From my list on student activism.
Who am I?
I’m a historian at the University of Pennsylvania and an op-ed writer for numerous publications. I’m also a former Peace Corps volunteer and high school teacher. I’ve spent my adult life studying the ways that human beings imagine education, across space and time. Schools make citizens, but citizens also make schools. And we’re all different, so we disagree—inevitably and often profoundly—about the meaning and purpose of “school” itself. In a diverse nation, what should kids learn? And who should decide that? There are no single “right” answers, of course. I’m eager to hear yours.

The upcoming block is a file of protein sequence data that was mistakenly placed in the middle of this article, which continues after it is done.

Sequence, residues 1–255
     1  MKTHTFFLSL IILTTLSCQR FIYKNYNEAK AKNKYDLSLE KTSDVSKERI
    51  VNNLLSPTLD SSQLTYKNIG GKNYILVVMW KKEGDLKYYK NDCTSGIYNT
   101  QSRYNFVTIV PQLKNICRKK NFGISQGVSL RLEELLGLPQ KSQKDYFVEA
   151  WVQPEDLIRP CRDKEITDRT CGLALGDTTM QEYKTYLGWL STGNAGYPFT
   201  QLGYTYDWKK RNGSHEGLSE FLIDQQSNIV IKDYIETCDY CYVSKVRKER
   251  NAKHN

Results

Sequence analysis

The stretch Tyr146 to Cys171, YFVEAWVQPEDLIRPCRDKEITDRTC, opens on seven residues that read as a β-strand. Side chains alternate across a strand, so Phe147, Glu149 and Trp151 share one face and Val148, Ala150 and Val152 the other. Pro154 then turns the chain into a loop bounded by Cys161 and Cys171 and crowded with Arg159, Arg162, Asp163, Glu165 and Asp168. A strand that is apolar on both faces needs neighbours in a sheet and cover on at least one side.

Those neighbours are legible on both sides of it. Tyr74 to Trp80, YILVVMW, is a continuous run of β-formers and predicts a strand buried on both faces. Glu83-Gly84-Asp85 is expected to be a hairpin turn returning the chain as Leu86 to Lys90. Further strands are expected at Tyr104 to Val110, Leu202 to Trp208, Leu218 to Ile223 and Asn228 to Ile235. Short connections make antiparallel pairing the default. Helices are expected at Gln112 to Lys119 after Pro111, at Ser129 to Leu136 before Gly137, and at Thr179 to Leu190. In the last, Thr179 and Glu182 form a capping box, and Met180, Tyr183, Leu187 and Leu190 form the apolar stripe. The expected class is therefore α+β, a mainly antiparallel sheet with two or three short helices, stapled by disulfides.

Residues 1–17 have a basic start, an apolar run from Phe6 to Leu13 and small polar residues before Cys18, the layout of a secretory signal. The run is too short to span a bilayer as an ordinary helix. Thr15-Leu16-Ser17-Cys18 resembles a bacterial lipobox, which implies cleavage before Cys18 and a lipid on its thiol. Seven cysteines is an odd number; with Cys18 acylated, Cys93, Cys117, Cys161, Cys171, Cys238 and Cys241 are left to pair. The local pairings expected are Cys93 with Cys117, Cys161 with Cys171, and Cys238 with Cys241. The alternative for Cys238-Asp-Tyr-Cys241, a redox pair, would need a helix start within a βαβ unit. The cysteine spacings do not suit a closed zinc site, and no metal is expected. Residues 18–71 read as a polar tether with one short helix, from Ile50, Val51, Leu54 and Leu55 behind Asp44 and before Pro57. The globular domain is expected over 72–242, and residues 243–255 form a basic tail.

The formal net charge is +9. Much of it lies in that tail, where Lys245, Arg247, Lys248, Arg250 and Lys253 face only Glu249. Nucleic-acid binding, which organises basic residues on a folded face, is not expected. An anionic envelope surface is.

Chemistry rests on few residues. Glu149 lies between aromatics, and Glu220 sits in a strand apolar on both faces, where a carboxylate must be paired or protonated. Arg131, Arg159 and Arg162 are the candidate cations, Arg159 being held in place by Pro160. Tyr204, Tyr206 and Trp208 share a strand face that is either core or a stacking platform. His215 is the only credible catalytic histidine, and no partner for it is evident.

Jonathan's book list on student activism
Why did Jonathan love this book?
Talk about a badass. In 1956, 16-year-old Ellery Schempp protested his school’s mandatory prayer and Bible-reading period by reading silently from the Koran. He was kicked out of class and sued his school district, insisting that the First Amendment barred it from promoting a particular religious creed. Eventually, in Abington v. Schempp, the Supreme Court agreed. But along the way, kids called Schempp and his family “Commies” (it was the 1950s, remember) and his principal tried to get Tufts University to rescind its admission offer to him. Earlier this year, the Supreme Court permitted a football coach and devout Christian to pray on the field after games. It’s worth asking what would have happened if—like Schempp—the coach was reciting a Muslim prayer instead.